One year later: Lehigh University graduate living in Ukraine looks back on harrowing escape

"Stories of survival are unfortunately not as inspiring as the romcoms make it seem," Alina Beskrovna said.

Friday, February 24, 2023
One year later: Lehigh grad living in Ukraine looks back on escape
One year later, Alina Beskrovna, of Ukraine, is back on United States soil but the journey to get here was far from easy.

PHILADELPHIA (WPVI) -- A day before Russia invaded Ukraine, a Lehigh University graduate from Mariupol, Ukraine spoke to Action News as she was taking shelter.

Hours after our initial contact, now 32-year-old Alina Beskrovna lost all communication with the world.

One year later, she is back on United States soil but the journey to get here was far from easy.

"Stories of survival are unfortunately not as inspiring as the romcoms make it seem," Beskrovna said.

When Russia invaded, Beskrovna and he mother were separated from her father. They would go on to live in cold, dark basements with strangers, with no running water or electricity, and cooking on open fire between shellings, not knowing if they would survive.

"Every soup became a question of life and death. Do you want to have lunch today, and are you willing to risk your life? People who tried to get out were either turned back because it was too dangerous with active fighting in the fields going on, or they were killed in action," she said.

Not knowing what each minute would bring, eventually, they decided to try to escape.

"We were stuck in (the basement) for a month, because whoever they did not leave in the first couple of days risking their lives, was stuck. The city was being besieged. It was encircled. My friend was lucky enough because he had two cars, and one still had a little fuel in it. Fuel became, you know, it was shortage of fuel, so it was being sold well for ridiculous prices. So, he had a little bit of fuel, and we stashed six adults and four cats and everything we owned," she said.

"So, it was 3 families, and we tried to make it on March 23. There were 16 Russian checkpoints to the city of Zaporizhzhia, which became famous because it has the largest nuclear facility in Europe that Russia had been shelling."

Beskrovna didn't know if her father was alive, there was no communication with him for months. She feared the worst.

"I did not know which my father was alive until late May, when I was able to establish contact through people I've never met who were neighbors and lived across the steet," she said. "I got him out remotely through a stranger through Russia, because Russia would not allow Ukrainians to go to the Ukrainian controlled territory. They wanted everyone to pass filtration."

But when she finally saw him, her dad didn't quite look the same.

"He lost 12 kilos, which is about 25 pounds. He didn't look like himself. He logged hundreds of miles by foot, and just the casual tone of him describing what he went through. I was really worried ...he showed me a down jacket that he brought with him that had hole in the sleeve that was badly mended by him," Beskrovna recalled.

The entire journey was agonizing for all of them. They had help from dozens of complete strangers along every part of their trek: people let them stay in their homes, others provided food and transportation. Pennsylvania Congressman Brian Fitzpatrick was able to help get them to the US together.

"We would be stuck in a refugee camp in Europe forever if it wasn't for your help, congressman," Beskrovna said on a Zoom call with Fitzpatrick.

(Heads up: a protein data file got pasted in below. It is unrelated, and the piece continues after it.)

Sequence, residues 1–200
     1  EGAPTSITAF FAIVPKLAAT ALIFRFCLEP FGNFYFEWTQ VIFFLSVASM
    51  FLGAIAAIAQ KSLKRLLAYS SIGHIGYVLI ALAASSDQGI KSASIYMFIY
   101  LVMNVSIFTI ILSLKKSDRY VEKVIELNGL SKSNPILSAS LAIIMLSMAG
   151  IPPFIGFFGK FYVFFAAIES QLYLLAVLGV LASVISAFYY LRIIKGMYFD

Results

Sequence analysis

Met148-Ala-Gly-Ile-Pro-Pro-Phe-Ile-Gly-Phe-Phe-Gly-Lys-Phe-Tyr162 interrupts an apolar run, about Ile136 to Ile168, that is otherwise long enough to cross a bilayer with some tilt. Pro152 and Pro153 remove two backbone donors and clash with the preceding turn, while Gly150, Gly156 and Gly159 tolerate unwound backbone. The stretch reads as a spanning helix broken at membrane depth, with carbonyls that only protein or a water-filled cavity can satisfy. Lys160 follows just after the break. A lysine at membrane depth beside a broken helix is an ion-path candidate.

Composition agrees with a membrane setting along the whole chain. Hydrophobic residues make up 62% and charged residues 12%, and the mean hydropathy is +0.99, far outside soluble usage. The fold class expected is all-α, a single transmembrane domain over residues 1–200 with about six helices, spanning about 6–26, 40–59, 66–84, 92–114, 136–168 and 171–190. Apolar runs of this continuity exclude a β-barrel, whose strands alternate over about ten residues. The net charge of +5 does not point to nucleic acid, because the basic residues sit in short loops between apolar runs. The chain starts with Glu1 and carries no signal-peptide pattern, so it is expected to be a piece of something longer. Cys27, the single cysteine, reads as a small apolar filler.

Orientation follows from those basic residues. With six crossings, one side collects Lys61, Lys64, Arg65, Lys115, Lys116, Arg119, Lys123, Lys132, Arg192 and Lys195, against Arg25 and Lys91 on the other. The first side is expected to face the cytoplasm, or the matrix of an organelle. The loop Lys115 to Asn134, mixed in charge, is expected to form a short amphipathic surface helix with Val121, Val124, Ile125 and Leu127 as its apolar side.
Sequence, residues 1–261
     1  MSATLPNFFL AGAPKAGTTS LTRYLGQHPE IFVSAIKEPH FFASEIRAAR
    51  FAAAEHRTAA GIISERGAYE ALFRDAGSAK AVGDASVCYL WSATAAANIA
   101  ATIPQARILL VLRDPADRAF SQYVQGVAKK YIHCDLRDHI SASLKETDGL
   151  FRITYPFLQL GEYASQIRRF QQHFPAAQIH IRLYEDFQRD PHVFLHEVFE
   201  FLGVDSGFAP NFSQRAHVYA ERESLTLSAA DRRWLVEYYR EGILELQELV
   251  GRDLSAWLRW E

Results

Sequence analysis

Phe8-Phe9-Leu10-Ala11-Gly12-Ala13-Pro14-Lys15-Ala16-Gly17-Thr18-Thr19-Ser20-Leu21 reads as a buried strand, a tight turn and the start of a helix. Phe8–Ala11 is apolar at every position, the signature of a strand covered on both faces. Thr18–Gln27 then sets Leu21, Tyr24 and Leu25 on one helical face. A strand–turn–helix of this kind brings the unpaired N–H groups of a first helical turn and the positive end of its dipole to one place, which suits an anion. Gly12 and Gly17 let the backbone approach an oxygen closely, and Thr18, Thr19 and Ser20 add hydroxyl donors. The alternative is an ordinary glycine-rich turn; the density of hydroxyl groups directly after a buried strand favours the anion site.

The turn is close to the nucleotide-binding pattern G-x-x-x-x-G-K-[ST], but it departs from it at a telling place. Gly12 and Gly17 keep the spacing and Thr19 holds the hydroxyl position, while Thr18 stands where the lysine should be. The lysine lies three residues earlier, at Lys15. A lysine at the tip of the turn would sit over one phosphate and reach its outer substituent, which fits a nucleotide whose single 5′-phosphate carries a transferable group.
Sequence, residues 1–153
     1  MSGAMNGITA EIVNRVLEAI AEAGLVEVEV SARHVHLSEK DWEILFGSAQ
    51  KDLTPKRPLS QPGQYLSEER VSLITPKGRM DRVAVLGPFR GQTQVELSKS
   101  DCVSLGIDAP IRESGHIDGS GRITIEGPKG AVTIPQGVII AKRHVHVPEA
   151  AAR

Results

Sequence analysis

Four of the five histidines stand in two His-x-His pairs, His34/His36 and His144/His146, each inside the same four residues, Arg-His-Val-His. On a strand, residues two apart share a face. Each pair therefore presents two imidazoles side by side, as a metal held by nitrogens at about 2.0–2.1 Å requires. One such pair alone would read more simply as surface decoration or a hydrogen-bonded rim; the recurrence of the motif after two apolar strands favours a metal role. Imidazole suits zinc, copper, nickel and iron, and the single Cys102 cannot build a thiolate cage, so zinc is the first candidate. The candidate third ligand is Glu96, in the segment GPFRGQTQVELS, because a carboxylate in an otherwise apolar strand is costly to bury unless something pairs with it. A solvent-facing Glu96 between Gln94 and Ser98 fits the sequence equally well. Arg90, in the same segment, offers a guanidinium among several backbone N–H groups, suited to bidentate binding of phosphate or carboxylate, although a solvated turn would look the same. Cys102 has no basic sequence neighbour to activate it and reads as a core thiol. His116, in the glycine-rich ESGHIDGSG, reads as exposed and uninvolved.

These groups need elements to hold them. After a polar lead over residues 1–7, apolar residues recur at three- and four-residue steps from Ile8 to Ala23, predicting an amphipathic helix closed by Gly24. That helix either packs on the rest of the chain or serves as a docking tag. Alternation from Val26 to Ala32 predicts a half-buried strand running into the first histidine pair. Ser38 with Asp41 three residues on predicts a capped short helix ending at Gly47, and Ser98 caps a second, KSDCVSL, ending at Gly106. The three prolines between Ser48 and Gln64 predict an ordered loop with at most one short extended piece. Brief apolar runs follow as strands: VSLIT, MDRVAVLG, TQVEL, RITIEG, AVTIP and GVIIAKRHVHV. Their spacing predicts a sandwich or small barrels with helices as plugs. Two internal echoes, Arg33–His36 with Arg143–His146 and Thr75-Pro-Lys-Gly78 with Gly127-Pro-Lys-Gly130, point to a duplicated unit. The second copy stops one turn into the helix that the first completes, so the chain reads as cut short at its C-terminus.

"Starting in Mariupol, and then your family traveled to Copenhagen as part of the EU program, and then their appointment was originally in Frankfurt. We got that transfer to Montreal, obviously all the records were lost in Mariupol do to the invasion. So, we had to reconstitute a lot of that. But I'm really glad to hear it worked out. We thought all the images, and and thought this type of brutality was permanently relegated to the history books," Fitzpatrick said.

And the congressman vows to keep helping everyone he can.

"We are doing everything we can to get them as much assistance on all fronts as we can. It's not come fast enough for my liking, but it is coming," he said.

Fitzpatrick said the initial world reaction was slow.

"A lot of our European allies had a hard time wrapping their brain around that. That's why there was such a slow reaction to start. I sit on the House Intelligence Committee, we were providing intelligence to our European allies. Well in advance of this invasion, we could not convince them that this is going to happen quite frankly," he said.

Beskrovna wants everyone to understand how bad things really are, and the atrocities that are happening. She says they are much worse than we think.

"It's a lot of human suffering, unfairness, animals suffering in front of my eyes. Just hundreds of thousands of abandoned animals that were, you know, lounging on a couch, being fed treats yesterday that are trying to survive today. A lot of children who don't understand what's happening. Who are now orphaned. It's just really gruesome."

I just learned that humans are really scary. Yes, there will be people helping. There will be people on the right side of history. But there will also be people who are looking out for personal gain in every situation," she said.

Now, Beskrovna is back in Williampsort, staying with her host family from her exchange program in 2006. She is teaching her parents English and how to drive, and taking them to the great places in this nation of which they are now permanent residents, but her future a bit more uncertain.

"I'm on a humanitarian parole. The goal is to stay. The goal is to be useful to both countries," she said.

Fitzpatrick has invited Beskrovna and her family to Washington, DC to spend a day with him.